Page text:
Backlog in Riverside Courts delays Dateline Trials

“It’s uncommon to catch an Internet child predator in the act,” Hughes said. “And when we do, those are not people we feel deserve leniency.”

Nearly three years after 51 men were arrested in a “Dateline NBC: To Catch a Predator” Internet sex sting in Mira Loma, 19 of those cases remain unresolved, most of them headed for trial, adding to the backlog of cases filling county courts.

Defense attorneys blame the delays on the Riverside County district attorney’s office, which they say has refused to plea-bargain any of the cases.

“We have been trying to negotiate our two cases from the beginning,” said Los Angeles attorney Ken Lewis, who along with attorney Barry Sands, is representing defendants Kurt Horst Lemke, of San Bernardino, and Phillip Thomas Jaruhungsin, of Ontario.

“They turned us down,” Lewis said.

Lewis and attorney Gary Laff said a major issue is that the charge of attempted child molestation carries with it a requirement to register as a sex offender upon conviction.

Because the district attorney refuses to negotiate, defendants are left no option but to take their chance at trial, the attorneys said.

“Every lawyer with these cases would love to negotiate,” Laff said, “but we can’t get a plea that is reasonable.”

The result, Lewis said, is that cases he believes could have been cleared early in the process, drag on for years, adding to the crushing backlog of cases clogging Riverside County courts.

The county has one of the most overcrowded court systems in California.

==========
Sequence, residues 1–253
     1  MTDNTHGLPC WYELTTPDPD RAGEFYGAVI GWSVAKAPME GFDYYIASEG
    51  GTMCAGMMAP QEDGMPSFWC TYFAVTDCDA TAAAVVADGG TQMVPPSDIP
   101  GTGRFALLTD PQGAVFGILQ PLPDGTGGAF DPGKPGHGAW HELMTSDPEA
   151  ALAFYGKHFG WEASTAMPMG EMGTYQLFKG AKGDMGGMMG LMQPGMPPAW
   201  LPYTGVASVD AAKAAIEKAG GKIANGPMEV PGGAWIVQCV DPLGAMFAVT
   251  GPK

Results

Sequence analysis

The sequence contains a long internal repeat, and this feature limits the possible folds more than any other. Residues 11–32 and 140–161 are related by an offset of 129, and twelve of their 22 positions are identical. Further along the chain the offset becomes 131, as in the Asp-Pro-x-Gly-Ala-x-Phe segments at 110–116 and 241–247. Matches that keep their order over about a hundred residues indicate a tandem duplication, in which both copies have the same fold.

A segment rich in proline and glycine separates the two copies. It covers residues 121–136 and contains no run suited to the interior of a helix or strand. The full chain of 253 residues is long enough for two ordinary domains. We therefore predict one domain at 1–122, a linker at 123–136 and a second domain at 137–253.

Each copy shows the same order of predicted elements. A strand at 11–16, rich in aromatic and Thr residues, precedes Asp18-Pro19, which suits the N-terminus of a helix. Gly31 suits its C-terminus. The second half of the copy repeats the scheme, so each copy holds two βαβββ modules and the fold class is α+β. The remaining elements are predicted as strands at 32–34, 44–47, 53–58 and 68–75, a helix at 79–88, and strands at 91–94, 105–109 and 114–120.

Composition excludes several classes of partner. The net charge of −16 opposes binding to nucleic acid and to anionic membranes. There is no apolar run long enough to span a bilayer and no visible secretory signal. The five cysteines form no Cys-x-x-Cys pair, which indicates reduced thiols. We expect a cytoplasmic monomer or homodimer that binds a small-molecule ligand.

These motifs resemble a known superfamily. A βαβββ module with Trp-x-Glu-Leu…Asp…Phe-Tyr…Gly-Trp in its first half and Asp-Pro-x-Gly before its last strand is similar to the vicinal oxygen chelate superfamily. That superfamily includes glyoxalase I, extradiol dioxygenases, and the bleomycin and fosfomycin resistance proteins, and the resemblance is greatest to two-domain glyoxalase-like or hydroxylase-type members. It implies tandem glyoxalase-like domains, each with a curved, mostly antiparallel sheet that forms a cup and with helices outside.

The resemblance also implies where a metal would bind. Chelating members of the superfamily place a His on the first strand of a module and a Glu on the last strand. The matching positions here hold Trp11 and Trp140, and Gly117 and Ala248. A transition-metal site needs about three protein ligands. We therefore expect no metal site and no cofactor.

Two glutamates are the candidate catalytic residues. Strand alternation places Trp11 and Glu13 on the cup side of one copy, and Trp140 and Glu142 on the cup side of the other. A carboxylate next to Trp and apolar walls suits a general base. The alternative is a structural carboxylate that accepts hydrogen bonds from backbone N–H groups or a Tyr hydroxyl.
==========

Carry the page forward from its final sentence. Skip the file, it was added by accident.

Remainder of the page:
Assistant District Attorney Chuck Hughes defended the decision not to plea bargain any of the “Dateline” cases.

“It’s uncommon to catch an Internet child predator in the act,” Hughes said. “And when we do, those are not people we feel deserve leniency.”

Hughes said the DA’s office would not enter into a plea agreement “just to move a case along.”

“We view these defendants as extremely dangerous,” he said.

Many of the other 32 cases ended with the men entering guilty pleas to the charges and receiving sentences ranging from eight years in state prison to 120 days to be served on weekends and probation.

Some, like Highland resident Victor Ray Wells, were convicted of attempted child molestation at trial.

Wells, 52, is due to be sentenced Jan. 9.

Another “Dateline” case was thrown out by Riverside County Superior Court Judge Dallas Holmes after the jury deadlocked, 10-2, in favor of acquittal.

One man died while his case was pending.

The men were arrested by Riverside County sheriff’s deputies during a three-day sting in January 2006.

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